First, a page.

Scientists have found ancient ocean water in the Himalayas that could offer insights about evolution

Trishul mountain peaks in the Kumaon range.
  • A team of researchers from India and Japan have found water droplets trapped in mineral deposits in the Kumaon mountains in the Indian state of Uttarakhand that were likely left from an ancient ocean dating back some 600 million years.
  • The scientists say these droplets could aid the understanding of the Neoproterozoic Oxygenation Event and the Earth processes that fostered the evolution of complex life.
  • The researchers say these droplets could offer insights about the makeup of ancient oceans and the environment at the time and they could be helpful for future climate modeling.

In the Kumaon mountains in the central sector of Uttarakhand’s Himalayas, a team of scientists from the Indian Institute of Science (IISc) and Japan’s Niigata University have unearthed water droplets trapped in mineral deposits. These droplets could be remnants of an ancient ocean that existed around 500-700 million years ago, say the scientists, and that they could enhance the understanding of how complex life forms evolved on Earth.

In their paper, published in the journal Precambrian Research in September, three scientists from IISc’s Centre for Earth Sciences and two from Niigata University wrote that they had discovered mineral deposits in the Kumaon mountains, in a region also known as the Lesser Himalayas, that contained marine carbonates from a sea of the Neoproterozoic era, estimated to have existed between 1 billion and 540 million years ago.

The team found sparry magnesites, which are stratigraphically associated with dolomite, a kind of limestone that is rich in magnesium carbonate and calcium carbonate and stromatolite, which is a sedimentary rock formed by microbial organisms. But the deposits the researchers found had lower amounts of calcium and higher amounts of magnesium, suggesting a different origin and environment of precipitation, the researchers wrote in their paper.

“In present-day environmental conditions, precipitating magnesium carbonate in the oceans is difficult. However, during the Neoproterozoic era, extreme environmental and climatic factors favoured magnesium carbonate precipitation because the calcium input in the oceans was significantly low due to the freezing of rivers,” said professor Sajeev Krishnan of IISc’s Centre for Earth Sciences, one of the corresponding authors of the paper.

The research team is hopeful their findings will bring more researchers to the Himalayas to uncover more about the evolution of complex life forms on Earth.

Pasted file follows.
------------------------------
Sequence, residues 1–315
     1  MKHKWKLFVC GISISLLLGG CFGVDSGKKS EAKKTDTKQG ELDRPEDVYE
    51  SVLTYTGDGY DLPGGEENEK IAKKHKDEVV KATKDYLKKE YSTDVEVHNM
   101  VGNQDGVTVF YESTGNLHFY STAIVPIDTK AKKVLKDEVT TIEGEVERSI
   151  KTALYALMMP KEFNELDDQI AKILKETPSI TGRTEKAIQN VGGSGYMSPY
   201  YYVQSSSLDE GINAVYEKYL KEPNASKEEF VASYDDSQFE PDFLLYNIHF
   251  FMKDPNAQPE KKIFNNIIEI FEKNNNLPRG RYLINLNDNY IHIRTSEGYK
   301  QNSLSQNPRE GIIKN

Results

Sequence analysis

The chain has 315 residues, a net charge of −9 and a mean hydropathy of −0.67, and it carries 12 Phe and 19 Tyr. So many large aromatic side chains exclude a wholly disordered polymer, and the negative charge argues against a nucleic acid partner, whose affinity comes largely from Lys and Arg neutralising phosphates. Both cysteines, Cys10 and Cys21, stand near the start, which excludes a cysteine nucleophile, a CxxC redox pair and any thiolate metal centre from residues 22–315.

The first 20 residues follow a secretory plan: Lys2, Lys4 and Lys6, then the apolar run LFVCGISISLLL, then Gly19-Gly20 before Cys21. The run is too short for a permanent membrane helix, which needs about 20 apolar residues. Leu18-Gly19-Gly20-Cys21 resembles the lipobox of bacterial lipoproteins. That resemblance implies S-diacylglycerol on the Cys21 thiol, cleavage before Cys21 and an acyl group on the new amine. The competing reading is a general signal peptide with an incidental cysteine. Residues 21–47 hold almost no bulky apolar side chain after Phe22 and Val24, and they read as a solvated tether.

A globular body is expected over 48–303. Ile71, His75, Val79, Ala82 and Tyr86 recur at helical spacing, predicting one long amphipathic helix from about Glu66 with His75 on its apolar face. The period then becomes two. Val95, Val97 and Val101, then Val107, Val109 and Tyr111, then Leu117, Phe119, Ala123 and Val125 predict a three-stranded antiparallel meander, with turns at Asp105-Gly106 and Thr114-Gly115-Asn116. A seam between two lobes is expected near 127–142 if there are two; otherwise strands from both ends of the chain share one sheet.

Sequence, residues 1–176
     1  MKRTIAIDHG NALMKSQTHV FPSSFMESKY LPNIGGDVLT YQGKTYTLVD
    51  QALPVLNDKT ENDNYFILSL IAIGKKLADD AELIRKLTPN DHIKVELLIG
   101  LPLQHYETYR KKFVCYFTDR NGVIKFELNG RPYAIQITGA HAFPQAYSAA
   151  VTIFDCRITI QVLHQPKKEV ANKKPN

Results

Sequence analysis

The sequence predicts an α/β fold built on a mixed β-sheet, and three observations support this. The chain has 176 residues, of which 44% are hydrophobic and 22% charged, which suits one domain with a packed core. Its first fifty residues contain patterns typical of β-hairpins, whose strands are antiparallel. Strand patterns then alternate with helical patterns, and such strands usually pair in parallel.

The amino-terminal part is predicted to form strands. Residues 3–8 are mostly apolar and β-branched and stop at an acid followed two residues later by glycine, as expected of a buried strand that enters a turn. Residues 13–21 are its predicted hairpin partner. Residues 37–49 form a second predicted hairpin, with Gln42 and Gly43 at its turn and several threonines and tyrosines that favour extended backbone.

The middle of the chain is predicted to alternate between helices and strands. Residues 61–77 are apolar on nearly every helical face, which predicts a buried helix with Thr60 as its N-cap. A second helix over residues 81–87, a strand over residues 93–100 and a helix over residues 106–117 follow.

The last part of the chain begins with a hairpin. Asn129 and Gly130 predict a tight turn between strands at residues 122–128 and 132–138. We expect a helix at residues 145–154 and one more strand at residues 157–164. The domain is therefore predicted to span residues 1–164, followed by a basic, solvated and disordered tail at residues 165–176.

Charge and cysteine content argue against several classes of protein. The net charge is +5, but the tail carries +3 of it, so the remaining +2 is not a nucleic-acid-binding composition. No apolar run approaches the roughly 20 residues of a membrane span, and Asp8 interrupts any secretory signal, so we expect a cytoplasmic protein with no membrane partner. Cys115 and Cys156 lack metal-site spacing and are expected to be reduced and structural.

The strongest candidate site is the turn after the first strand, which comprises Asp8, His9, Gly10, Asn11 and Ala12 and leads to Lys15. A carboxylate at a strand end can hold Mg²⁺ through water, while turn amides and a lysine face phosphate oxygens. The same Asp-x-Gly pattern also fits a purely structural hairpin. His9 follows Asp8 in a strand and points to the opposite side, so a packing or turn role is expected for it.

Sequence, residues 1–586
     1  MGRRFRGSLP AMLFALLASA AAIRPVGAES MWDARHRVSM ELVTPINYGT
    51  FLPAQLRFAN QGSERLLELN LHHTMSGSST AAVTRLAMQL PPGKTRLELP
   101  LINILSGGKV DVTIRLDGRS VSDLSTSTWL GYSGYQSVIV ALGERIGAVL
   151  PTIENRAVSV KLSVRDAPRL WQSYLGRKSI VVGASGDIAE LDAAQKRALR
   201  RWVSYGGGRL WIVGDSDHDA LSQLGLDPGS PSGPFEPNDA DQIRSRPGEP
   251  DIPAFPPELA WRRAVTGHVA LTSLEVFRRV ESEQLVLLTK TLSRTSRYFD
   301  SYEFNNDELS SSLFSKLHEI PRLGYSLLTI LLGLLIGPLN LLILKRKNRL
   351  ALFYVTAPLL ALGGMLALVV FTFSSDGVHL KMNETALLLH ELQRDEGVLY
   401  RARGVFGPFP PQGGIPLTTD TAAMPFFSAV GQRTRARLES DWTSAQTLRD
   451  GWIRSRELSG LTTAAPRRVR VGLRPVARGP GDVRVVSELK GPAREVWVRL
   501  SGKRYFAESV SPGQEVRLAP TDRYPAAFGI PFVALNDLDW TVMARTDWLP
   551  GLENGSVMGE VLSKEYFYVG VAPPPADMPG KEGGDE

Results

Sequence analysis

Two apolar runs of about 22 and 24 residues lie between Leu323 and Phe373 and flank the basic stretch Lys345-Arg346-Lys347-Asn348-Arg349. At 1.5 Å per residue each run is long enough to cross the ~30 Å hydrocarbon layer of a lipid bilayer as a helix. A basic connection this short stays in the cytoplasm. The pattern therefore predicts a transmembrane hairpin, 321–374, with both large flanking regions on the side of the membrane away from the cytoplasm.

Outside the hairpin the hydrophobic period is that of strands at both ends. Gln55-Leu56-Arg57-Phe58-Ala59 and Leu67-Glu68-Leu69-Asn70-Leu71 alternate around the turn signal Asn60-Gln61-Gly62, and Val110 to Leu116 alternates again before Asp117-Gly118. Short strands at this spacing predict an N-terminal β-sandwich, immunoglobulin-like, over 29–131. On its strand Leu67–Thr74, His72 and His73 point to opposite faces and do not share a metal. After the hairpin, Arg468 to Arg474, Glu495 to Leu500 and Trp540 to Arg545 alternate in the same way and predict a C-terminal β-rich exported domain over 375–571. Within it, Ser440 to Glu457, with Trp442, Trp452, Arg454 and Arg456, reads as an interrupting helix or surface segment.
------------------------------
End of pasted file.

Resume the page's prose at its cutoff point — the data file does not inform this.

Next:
“Our contribution may attract other research groups towards the Himalayan mountain range for experimenting on carbonate/past ocean chemistry, the evolution of cyanobacteria, Snowball Earth glaciation and related Earth’s Oxygenation Events,” said Prakash Chandra Arya, a Ph.D. student at IISc and the first author of the paper.

Top: Field exposures of magnesite near Chandak hills, Kumaon. Bottom: Microphotographs of ocean water trapped in magnesite crystals.
Top: Field exposures of magnesite near Chandak hills, Kumaon. Bottom: Microphotographs of ocean water trapped in magnesite crystals. Photos courtesy of Prakash Chandra Arya/IISc.

The evolution of complex life forms

The researchers stated that the development of sparry magnesites in the Kumaon mountains took place approximately 750-580 million years ago during the Snowball Earth glaciation period when Earth was covered by thick ice sheets.

“This led to changes in sedimentation rates, ocean chemistry and the response of life to these events,” Arya said. “Low calcium input during that period provided photosynthesising cyanobacteria with the opportunity to rapidly evolve and expand, as other microorganisms would hardly survive in such conditions.”

Samriddhi Jain, a Ph.D. scholar at the Indian Institutes of Technology (IIT) Bombay who studies single-celled organisms called foraminifera, explained this phenomena in detail. “During the Snowball Earth glaciation period, the thick ice sheets performed the albedo effect; that is, they reflected more sunlight leading to reduced solar insulation and less heating of the Earth’s atmosphere,” she said.

“The thick ice sheets and their albedo effect restricted the flow of rivers into oceans. As a result, the flow of riverine nutrients that are important for the growth of complex life forms were reduced in the ocean. However, the photosynthesising cyanobacteria, also known as blue-green algae, flourished even with less nutrients,” she added.

These evolving communities of cyanobacteria generated a large amount of oxygen in the atmosphere, causing the Neoproterozoic Oxygenation Event, also known as the Second Great Oxygenation Event, which occurred from 630-551 million years ago, after Snowball Earth glaciation.

It is thought that the increased oxygen in the atmosphere during the Second Oxygenation Event led to the rapid evolution of complex life forms from simple unicellular or small multicellular forms, the paper stated. This event, known as Cambrian Explosion, is believed to have happened between 541 million and approximately 530 million years ago at the end of Neoproterozoic and the beginning of Cambrian era.